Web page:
Despite the efforts of courageous facilitators who comprise Asia’s underground railroad, the road to freedom Kirkpatrick describes remains unnecessarily fraught with risk and tragedy for those who are caught, sold, or repatriated to severe punishments in North Korea. Over 20,000 North Koreans have fled to South Korea in the past decade (2,737 arrived in South Korea in 2011 and 135 have relocated to the United States since 2006), but there is no way of knowing how many North Koreans fled the North but failed to find freedom. Even more serious for the future of the underground railroad is that the number of North Korean refugees during the first six months in 2012 under Kim Jong-un compared to the figure for the same period in 2011 dropped over forty-percent to 751. This conspicuous difference is likely the result of strengthened North Korean border control efforts.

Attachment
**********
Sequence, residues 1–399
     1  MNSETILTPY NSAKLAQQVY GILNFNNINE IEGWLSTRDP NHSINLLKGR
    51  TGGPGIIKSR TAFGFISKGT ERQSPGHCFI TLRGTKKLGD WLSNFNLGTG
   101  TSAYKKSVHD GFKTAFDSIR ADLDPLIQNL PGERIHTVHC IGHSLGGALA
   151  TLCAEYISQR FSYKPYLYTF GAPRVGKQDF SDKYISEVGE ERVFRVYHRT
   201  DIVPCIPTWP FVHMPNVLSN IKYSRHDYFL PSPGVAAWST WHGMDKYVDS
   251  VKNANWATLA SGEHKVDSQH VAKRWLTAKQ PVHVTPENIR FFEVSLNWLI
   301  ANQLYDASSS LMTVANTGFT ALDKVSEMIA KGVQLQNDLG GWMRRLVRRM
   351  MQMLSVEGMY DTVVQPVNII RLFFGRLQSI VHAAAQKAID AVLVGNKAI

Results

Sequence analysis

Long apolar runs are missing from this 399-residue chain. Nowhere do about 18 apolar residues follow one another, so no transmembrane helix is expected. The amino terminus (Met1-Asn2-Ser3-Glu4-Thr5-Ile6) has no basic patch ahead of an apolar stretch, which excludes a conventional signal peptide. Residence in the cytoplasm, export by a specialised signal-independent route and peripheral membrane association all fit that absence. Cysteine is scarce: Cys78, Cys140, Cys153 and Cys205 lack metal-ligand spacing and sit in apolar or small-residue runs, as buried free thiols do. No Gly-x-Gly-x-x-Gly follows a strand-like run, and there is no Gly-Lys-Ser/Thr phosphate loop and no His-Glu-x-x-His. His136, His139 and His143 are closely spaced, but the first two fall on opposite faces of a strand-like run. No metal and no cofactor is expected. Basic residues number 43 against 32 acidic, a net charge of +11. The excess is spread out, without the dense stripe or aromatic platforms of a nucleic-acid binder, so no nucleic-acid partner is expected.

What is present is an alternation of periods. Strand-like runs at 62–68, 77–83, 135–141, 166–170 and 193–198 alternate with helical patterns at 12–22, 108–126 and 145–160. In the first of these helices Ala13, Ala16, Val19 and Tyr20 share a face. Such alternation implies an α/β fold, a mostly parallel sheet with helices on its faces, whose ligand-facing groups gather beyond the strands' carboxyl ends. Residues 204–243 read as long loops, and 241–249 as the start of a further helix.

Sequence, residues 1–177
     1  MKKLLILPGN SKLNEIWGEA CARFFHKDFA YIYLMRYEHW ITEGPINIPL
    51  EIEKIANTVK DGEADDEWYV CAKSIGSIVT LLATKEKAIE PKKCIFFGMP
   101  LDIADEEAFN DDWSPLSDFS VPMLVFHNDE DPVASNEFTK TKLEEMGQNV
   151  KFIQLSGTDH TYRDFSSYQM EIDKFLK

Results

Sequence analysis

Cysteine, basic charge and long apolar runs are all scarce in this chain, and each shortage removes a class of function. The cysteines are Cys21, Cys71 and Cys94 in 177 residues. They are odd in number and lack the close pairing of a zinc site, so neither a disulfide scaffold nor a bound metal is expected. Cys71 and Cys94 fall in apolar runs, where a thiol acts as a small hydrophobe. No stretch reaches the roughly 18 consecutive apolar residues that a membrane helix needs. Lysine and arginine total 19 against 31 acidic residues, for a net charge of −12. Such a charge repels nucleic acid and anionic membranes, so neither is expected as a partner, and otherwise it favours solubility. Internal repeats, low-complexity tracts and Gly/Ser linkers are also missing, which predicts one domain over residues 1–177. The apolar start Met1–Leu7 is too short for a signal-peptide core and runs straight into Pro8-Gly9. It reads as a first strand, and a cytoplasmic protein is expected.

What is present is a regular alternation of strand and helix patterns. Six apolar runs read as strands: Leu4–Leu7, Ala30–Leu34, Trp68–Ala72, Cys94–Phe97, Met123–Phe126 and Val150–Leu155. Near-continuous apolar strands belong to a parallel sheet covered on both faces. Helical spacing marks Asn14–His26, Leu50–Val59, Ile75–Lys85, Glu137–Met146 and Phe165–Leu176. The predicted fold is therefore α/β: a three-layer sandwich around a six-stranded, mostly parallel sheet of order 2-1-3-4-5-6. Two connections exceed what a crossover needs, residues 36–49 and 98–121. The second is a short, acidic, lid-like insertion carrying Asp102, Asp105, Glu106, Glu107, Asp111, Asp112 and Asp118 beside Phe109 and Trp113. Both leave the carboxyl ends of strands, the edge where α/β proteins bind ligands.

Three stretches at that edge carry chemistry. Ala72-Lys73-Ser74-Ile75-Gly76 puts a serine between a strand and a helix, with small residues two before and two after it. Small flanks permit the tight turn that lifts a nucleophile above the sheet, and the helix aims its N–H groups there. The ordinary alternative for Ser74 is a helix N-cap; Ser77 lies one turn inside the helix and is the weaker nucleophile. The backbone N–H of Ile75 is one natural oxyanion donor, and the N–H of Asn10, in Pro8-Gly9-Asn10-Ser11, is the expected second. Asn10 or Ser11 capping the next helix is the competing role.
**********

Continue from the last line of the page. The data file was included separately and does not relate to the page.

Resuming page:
Escape from North Korea stands alongside Nothing to Envy and Escape from Camp Fourteen as books that highlight the tragic human consequences of North Korea’s systemic failure. North Korea’s famine in the late 1990s broke the hermetic seal that had previously shrouded the worst aspects of the North Korean system from the outside world; with growing flows of refugees came testimony to a political system that imposes absolute control by punishing even relatives of individuals accused of political dissent. These books convey the previously silenced voices of North Koreans, alongside North Korean refugee autobiographies such as Kang Chol-hwan’s The Aquariums of Pyongyang and Yong Kim’s Long Road Home.